One of the things that we had to tick off our To Do list was the salaon (indigo plant) growing in the wild. We tackled it in Muara. Restuala taught us to recognize it and took us initially to a garden where it was growing as one plant among many in a scrubby thicket. In the end, however, Nashir decided to stalk a patch growing on the side of the road because the lake formed a stunning backdrop. He has come to the insight that the lake gives identity to the Batak. Without the lake, so much more of the ancient culture would be lost .
Muara was also the place to film sigira, a dye process that I had never witnessed before and only read about. Muara weavers used to practise it. Apparently, after they had finished dyeing their yarn with indigo and they wanted to transform the deep, rich blue colour into black, they took it to the rice fields where the iron content in the mud did the trick.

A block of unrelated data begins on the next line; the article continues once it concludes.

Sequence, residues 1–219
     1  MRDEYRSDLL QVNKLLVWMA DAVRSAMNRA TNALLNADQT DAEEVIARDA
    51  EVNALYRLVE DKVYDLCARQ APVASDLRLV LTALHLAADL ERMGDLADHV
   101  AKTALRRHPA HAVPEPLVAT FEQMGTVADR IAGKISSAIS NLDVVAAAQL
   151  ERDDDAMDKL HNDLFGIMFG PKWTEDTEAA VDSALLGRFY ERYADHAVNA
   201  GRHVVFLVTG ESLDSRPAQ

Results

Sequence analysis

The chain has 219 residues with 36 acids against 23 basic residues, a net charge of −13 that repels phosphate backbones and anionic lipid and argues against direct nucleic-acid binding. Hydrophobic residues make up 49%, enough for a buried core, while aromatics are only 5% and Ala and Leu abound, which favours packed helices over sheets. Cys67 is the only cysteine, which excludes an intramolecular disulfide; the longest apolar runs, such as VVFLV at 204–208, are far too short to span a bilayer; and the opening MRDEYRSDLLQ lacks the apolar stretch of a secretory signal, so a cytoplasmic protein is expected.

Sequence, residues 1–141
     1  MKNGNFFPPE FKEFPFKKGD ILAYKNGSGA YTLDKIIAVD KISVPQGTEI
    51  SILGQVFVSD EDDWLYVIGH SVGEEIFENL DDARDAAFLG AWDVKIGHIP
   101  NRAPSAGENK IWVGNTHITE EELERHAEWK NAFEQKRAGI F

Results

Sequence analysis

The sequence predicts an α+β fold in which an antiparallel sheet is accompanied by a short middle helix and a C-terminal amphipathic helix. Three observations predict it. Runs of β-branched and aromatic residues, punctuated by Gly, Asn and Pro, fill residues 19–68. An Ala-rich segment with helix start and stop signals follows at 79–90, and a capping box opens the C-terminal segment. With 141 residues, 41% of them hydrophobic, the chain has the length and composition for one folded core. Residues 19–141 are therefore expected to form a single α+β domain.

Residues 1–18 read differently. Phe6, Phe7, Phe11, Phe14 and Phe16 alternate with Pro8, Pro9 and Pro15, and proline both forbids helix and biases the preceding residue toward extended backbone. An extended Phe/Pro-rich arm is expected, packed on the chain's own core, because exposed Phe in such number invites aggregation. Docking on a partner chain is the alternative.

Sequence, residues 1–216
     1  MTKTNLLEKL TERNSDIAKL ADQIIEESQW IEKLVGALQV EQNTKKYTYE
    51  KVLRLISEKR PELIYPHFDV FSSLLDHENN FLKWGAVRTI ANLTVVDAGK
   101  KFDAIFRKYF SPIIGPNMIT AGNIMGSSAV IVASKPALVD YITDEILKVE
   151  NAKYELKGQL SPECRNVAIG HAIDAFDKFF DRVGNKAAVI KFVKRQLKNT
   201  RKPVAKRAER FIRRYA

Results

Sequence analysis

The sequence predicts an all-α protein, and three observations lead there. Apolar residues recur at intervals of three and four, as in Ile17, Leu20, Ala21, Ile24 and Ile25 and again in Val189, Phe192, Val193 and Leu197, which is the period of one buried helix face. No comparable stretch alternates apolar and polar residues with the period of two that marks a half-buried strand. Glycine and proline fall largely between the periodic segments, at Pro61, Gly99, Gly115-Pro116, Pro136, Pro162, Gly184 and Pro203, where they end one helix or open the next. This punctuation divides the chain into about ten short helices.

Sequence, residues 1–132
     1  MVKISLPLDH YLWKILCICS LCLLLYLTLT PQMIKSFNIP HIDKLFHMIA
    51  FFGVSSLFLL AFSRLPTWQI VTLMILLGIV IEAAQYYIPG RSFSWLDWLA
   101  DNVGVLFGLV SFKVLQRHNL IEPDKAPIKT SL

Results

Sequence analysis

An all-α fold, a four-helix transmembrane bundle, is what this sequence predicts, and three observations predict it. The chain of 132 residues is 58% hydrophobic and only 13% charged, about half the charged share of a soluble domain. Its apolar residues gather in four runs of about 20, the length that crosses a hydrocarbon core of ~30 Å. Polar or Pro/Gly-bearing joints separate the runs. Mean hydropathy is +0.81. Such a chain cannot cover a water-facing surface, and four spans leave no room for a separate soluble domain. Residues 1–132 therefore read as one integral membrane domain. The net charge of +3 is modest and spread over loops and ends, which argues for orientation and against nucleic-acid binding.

|Restuala holding the indigo-dyed yarn that we will|
eventually submerge in the mud of the rice fields.
Our indigo dyer passed on the task to a fellow villager and off we trekked to the rice fields.
|Our indigo dyer was working on her coffee harvest, so she passed on the|
task of re-enacting sigira to her neighbour in the village, explaining how it was done.
|The sigira dyer in the rice field hears that she |
has to make another hole, this time in the light.
|The sigira setting in the rice fields was wonderful with Lake Toba|
in the distance.
|Even Mas Nashir got muddy feet.|